Osorkon IV, Auput II, Pef-tjau-em-awi-Bastet and Nimlot as well as numerous subordinate princes of the Libyans in Egypt submitted to the Cushite Pije following his victorious campaign in Egypt. Tefnacht von Sais , the prince of the western delta, took this as an opportunity to raise himself to Pharaoh. Thus the 24th dynasty appeared. According to the book “2. Kings 17.4 ”of the Bible probably sent in the year 725 BC. King Hoschea of Israel messengers "to So, the king of Egypt". Hoshea asked him for help against the Assyrians . According to Kenneth A. Kitchen , this "King of Egypt" was O so rkon IV. It is conceivable, but less likely, that it should read: "To Sa is, (to) the King of Egypt". Then Tefnachten would be meant. In the end it could be shown, however, that the name "So" is a read-out form that could go back to an old Hebrew Sgr, which is correct in the Septuagint with Segor. Thus Osorkon IV should certainly be addressed as King So in 2 Kings 17, 4. The help requested after 2 Kings 17: 4 came too late. King Sargon II of Assyria conquered probably 722 BC. BC Samaria and put down a Syrian revolt . He subjugated Palestine as far as Gaza . An Egyptian auxiliary force could not prevent the fall of Gaza and its king Hanun . Sargon II met against 716 BC. BC to Wadi el-Arish on the land bridge to Palestine. After transcription of the cuneiform Egyptian king sent called Schilkannu him 12 horses. 712 BC Iamani, prince of Ashdod , rose against the Assyrians. However, the uprising failed and Iamani of Ashdod fled to Egypt. He was then extradited by the Cushitic Pharaoh Shabaka , who had now assumed supremacy in Egypt.

supporting documents

The most important testimony to Osorkon IV are his mentions and his depiction on the so-called triumph stele of Pije Osorkon IV. Is shown here in the first place among the Libyan dynasts of the Delta area who submitted to the Pije belly and was probably the most important in this group viewed by rulers. In the past, a relief block in Leiden naming a king Osorkon enthroned on the throne of Geb and a seal in Leiden were taken as evidence of Osorkon IV. In addition, he was assigned a golden cult object, a so-called Aegis (or "Usech") in the Louvre . In the light of the reliefs from Tanis found by Brissaud (see above), of these objects only the aegis in the Louvre for Osorkon IV., Who also mentions the name of Queen Tadi-Bastet, who is either the wife or the Mother of the king was. The above-mentioned relief and the seal in the Museum of Leiden are now considered evidence of Osorkon the Elder. The already mentioned statuette torso of the king "Usermaatre" (= Osorkon IV.), Which is kept in the London Petrie Museum , has been added to the evidence . This sculpture fragment corresponds in material (glassy Egyptian faience or "glassy faience"), size and style of a similar statuette, also found in Memphis, which, according to its inscription, represents Sheschonq V, who was probably the predecessor of Osorkon IV.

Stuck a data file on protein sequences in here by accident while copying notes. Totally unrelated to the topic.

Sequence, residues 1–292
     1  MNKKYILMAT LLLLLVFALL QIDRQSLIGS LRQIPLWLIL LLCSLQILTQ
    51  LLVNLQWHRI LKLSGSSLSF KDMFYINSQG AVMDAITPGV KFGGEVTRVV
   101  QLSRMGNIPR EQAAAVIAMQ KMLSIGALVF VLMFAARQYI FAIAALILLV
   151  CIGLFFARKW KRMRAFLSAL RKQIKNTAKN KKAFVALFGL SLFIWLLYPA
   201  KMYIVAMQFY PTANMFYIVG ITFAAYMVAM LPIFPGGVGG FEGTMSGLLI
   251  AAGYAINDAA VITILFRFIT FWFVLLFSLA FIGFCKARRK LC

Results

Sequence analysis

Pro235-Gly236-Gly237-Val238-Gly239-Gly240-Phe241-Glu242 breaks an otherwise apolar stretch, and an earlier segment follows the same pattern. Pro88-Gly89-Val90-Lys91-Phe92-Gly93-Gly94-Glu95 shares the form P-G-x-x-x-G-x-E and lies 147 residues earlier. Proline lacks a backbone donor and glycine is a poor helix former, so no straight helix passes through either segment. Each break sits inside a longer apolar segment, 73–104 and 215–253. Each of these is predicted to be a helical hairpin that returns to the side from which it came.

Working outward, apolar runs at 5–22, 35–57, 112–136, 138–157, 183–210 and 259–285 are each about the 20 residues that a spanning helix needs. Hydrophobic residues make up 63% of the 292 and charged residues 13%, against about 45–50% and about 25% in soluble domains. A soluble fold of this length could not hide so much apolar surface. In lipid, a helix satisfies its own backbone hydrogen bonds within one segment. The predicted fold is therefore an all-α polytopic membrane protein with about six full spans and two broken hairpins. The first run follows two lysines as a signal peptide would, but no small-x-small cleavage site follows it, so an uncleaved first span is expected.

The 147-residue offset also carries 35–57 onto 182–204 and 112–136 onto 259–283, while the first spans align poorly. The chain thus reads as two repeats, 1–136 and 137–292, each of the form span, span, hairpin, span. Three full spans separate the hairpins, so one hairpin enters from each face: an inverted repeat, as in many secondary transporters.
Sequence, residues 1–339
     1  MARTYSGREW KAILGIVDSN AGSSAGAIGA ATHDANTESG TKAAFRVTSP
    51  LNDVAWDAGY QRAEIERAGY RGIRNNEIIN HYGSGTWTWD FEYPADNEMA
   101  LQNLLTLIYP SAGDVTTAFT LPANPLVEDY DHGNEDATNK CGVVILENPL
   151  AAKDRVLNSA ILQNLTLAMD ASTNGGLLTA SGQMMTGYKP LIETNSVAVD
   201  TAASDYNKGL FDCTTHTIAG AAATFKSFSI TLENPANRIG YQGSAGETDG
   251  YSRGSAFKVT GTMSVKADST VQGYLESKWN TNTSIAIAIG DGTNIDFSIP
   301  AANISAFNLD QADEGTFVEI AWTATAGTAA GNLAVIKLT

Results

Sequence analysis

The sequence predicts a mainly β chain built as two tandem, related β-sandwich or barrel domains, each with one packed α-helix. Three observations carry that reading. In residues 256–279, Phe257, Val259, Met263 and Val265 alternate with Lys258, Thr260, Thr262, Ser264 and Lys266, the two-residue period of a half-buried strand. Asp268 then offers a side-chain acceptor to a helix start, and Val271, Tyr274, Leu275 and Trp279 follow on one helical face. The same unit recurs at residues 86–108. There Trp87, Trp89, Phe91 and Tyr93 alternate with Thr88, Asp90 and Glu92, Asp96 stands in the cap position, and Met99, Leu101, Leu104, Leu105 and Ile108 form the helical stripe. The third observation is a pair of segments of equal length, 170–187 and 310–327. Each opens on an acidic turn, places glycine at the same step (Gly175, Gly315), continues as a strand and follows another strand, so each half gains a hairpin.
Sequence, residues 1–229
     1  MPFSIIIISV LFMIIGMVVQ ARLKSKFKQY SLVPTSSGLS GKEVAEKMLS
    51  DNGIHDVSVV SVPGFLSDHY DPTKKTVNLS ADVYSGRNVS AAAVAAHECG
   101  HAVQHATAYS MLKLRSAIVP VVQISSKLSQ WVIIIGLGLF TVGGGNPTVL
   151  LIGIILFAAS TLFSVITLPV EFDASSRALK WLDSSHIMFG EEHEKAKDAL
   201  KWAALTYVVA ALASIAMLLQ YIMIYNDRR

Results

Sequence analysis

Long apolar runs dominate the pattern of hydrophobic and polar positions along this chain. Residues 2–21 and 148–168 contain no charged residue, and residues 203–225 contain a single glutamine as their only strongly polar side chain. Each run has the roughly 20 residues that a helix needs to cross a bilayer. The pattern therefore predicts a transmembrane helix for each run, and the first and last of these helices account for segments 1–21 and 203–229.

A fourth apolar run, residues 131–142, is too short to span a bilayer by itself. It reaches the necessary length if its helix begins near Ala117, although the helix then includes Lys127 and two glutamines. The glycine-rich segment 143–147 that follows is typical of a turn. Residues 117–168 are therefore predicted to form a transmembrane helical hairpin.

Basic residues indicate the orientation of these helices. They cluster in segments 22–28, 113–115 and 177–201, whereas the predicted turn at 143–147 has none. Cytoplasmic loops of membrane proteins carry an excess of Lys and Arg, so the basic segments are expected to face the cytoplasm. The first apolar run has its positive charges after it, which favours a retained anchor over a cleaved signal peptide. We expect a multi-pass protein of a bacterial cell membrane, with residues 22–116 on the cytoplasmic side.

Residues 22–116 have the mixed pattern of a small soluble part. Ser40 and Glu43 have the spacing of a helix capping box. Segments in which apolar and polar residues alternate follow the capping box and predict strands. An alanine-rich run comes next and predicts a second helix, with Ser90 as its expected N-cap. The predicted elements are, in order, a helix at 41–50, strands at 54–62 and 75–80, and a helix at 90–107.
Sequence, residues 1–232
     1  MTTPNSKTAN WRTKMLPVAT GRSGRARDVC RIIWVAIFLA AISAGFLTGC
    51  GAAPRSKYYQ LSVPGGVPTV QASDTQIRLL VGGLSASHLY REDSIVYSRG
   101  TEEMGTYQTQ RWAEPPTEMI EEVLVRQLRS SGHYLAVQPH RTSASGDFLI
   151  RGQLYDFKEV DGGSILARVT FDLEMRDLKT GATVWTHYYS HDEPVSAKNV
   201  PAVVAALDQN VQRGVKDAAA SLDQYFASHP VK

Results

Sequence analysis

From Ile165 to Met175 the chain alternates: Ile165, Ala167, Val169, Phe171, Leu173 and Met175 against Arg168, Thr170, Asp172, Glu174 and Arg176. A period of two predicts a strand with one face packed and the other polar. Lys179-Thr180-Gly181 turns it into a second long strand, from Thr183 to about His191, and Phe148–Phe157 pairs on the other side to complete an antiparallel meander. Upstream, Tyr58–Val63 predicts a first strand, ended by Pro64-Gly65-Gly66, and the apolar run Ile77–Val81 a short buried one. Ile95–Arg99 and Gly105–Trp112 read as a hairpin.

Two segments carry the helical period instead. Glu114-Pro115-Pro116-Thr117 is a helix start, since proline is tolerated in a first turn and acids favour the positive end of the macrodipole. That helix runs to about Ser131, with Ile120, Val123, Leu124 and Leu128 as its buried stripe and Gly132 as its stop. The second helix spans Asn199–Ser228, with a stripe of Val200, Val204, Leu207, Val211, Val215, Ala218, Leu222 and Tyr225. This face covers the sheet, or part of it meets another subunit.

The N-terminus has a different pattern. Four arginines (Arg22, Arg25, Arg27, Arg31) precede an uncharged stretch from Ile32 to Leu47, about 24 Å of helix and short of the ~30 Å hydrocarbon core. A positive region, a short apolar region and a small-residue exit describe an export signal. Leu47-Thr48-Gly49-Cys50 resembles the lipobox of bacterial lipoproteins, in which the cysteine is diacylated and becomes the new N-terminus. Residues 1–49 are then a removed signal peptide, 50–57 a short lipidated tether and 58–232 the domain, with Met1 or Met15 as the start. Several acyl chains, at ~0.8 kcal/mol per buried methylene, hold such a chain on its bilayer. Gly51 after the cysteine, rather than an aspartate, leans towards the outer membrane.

Individual references / comments

  1. largely hieroglyphs and inscription after Jürgen von Beckerath : Handbuch der Ägyptischen Könignames (= Münchner Ägyptologische Studien . Vol. 49). 2nd, improved and expanded edition, von Zabern, Mainz 1999, ISBN 3-8053-2591-6 , p. 201.
  2. The Triumphal Stele of Pije (747 - 716 BC) , on www.sennefer.at, accessed on October 9, 2018
  3. ^ Translation based on Winfried Barta
  4. does not belong to any established dynasty, documented in Leontopolis and Imet in the eastern delta
  5. Heir of the Upper Egyptian branch line of the 22nd Dynasty, in Herakleopolis
  6. the capital of the Principality of West Delta
  7. Christoffer Theis: Contributions to the Vocabulary of the Old Testament: The Connection of the Name סוֹא with Greek Σηγωρ in 2 Kings 17, 4. In: Biblica Volume 101, 202, pp. 107-113.
  8. after Kenneth A. Kitchen by Osorkon IV.?
  9. = Osorkon IV.?
  10. Triumph stele of Pije . On: sennefer.at ; accessed on February 24, 2015.
  11. Osorchor, 21 Dynasty
  12. ^ University College London (UCL) inventory number 13128.

Web links

Commons : Osorkon IV.  - Collection of images, videos and audio files
predecessor Office successor
Petubastis II or Scheschonq V ? Pharaoh of Lower Egypt
23rd Dynasty